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Intel is raiding its factory stock to donate protective gear to healthcare workers

(Image credit: Intel)

Intel is donating over one million personal protective items to support healthcare workers around the world. The CPU maker announced the initiative yesterday, with the company donating masks, gloves, and other protective gear to healthcare professionals. And what is Intel doing with all that equipment in the first place? Well, that's a benefit of being one of the biggest silicon manufacturers in the world with a host of factories and clean rooms around the globe.

Workers in Intel factories have to wear protective equipment whenever they're on the manufacturing floors, replacing, testing, or repairing equipment. You will have probably already seen the pictures of the Intel bunny suits, except in those instances they're protecting the equipment from human contact, not protecting the humans themselves.

"We will donate masks, gloves, face shields and other gear that we have sourced from our factory stock and emergency supplies, and we’ll continue to look for additional sources of personal protective equipment that we can source and donate as quickly as possible to meet our commitment of more than a million items," said Intel's Todd Brady.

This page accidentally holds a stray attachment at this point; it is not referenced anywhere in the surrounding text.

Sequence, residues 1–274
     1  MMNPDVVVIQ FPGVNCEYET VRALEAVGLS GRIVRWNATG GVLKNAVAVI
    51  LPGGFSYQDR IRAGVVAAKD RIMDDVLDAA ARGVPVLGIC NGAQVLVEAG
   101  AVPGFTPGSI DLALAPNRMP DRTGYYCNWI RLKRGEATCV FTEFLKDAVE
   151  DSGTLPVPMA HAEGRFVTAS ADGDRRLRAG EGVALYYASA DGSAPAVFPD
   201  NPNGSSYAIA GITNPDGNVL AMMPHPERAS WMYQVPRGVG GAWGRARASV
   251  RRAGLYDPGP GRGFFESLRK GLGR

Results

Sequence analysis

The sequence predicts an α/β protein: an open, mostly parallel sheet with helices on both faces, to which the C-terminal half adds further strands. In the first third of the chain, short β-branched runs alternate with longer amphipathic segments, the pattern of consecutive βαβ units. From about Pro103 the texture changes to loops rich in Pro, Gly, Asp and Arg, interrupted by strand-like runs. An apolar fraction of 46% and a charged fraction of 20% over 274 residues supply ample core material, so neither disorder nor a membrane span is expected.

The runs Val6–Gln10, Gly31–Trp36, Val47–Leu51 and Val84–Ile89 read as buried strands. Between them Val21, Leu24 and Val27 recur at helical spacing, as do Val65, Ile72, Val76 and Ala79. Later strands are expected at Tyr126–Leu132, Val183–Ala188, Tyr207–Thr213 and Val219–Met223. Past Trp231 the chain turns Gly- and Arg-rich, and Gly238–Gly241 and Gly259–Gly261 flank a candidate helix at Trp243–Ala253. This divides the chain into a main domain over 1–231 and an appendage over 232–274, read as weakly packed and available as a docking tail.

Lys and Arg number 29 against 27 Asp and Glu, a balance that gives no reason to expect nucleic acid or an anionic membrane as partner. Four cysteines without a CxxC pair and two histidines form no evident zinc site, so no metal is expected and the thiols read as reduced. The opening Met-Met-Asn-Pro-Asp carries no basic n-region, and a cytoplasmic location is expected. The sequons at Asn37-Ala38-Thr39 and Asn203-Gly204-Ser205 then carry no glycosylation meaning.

(Image credit: Intel)

So yeah, whatever you think about Intel, its recent 10nm manufacturing issues, and the fact that AMD is in the ascendance partly because of its decision to go entirely fabless, I think we could thankful Intel decided to keep the faith with its own factories around the world. 

It's currently got 16 facilities across the globe, with four in Oregon, four in Arizona, one in New Mexico, a pair in Kiryat Gat, three in Leixlip, Ireland, one in China, and a recently de-mothballed packaging plant in Costa Rica. I got to visit Fab 28 in Kiryat Gat last summer and, for a hardware nerd like me, the place where Intel tricks sand into thinking was an incredible thing to see. 

The company has already donated $1 million dollars to the International Red Cross, and is working with local health authorities around the world, alongside local government, to ensure that the aid it is giving can be distributed where it's needed the most.

"We are immensely grateful to the healthcare workers who are at the front lines of slowing this pandemic," says Brady.